This post is the thirteenth post in a year-long blog series on teacher retention.
Data on why teachers leave show the primary reasons trace back to school-level working conditions, in particular, whether teachers feel honored, supported, and have meaningful influence in school decision-making.
Prior posts in this series have explored research on creating the school conditions where teachers thrive, and have profiled the work of leaders creating culturally affirming schools with positive cultures. We’ve also looked at what school districts are doing to assist these efforts.
But for those working at the state level, the question remains: what can we do to help? To answer this question, we did a landscape scan across the websites of state departments of education, state boards, and state legislatures, and reviewed published materials on this topic.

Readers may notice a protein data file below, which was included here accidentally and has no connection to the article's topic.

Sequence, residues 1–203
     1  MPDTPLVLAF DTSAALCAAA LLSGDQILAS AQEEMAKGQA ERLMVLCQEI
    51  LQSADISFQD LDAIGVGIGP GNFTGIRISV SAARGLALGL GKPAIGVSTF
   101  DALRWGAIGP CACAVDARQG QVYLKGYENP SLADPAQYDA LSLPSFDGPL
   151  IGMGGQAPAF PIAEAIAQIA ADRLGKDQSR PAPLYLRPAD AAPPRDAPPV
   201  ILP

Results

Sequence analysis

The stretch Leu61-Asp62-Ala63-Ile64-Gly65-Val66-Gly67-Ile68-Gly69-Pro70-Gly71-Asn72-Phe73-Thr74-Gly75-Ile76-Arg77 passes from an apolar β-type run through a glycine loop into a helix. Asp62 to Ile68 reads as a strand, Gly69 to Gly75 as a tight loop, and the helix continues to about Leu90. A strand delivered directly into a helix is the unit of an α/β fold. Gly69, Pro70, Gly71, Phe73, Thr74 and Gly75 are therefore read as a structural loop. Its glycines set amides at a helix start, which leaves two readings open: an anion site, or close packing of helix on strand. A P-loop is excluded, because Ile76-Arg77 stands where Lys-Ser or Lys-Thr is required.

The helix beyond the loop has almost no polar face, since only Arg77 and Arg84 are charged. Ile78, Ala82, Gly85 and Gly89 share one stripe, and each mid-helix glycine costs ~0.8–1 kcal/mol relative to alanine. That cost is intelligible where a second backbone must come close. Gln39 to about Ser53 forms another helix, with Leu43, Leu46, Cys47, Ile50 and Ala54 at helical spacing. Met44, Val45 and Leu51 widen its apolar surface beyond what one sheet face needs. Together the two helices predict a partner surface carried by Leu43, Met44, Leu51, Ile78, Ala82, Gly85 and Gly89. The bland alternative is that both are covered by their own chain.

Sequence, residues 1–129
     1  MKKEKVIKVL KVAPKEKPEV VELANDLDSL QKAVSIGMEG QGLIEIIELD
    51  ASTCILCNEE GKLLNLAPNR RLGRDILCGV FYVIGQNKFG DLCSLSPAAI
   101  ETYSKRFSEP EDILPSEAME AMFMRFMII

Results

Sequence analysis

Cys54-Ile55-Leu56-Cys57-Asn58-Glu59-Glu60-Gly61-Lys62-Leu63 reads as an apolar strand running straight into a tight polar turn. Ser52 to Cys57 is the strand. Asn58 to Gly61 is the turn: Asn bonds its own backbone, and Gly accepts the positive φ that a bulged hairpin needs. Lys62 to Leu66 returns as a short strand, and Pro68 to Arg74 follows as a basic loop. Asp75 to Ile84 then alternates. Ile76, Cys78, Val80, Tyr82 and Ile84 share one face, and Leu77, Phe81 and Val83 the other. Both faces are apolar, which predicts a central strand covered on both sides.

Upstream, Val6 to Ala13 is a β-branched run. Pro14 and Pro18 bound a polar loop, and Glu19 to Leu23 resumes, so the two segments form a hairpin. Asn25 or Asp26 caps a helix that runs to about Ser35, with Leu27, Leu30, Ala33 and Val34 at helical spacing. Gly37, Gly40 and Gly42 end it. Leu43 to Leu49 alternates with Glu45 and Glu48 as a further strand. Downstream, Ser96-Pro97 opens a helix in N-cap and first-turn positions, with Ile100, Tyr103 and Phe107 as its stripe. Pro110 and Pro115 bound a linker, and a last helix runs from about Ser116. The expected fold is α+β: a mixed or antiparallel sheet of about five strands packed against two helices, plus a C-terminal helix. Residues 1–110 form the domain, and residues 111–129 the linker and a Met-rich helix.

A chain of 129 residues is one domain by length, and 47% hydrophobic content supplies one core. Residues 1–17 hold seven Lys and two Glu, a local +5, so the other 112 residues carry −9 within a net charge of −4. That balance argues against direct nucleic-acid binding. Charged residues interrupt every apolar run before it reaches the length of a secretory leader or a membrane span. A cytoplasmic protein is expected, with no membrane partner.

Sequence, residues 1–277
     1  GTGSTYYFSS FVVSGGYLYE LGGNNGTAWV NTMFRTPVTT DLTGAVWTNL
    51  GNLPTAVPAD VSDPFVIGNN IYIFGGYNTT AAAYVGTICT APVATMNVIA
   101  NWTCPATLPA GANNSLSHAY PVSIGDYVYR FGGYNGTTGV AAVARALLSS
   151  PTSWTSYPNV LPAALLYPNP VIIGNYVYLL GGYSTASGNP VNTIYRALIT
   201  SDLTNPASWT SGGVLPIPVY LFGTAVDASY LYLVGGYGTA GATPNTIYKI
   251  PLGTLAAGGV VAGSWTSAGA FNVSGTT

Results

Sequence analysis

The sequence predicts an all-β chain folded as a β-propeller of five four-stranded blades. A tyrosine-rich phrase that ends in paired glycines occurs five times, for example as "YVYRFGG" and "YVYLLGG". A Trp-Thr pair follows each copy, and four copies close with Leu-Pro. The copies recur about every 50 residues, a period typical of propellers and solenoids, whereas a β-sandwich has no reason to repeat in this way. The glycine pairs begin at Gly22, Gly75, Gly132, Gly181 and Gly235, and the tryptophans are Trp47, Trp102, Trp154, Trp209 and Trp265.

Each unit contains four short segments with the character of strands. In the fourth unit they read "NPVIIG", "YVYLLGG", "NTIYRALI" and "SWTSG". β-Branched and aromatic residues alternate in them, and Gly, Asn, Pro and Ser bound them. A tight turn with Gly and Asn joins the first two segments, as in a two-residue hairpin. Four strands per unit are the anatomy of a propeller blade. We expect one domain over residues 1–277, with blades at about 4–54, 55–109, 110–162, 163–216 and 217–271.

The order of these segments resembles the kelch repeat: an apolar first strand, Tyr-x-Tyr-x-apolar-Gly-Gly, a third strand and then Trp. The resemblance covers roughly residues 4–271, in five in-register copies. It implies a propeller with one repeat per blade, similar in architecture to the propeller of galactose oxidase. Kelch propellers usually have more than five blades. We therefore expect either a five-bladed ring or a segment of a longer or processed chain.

In short, we found that state efforts fall into three main buckets: improving initial teacher preparation, supporting teachers’ onboarding and development, and expanding opportunities for teacher professionalism and leadership. Let’s explore these three buckets, below.
1. Improving initial teacher preparation
The way teachers are prepared influences whether they will stay. Strong training in pedagogy and practice sets teachers up to succeed; in particular, programs that help teachers master a set of “core practices” are often more effective than those dominated by content and theory. Relatedly, there is strong evidence that preparation programs involving a heavy practical or clinical component, in particular teacher residencies, yield teachers that are more likely to stay.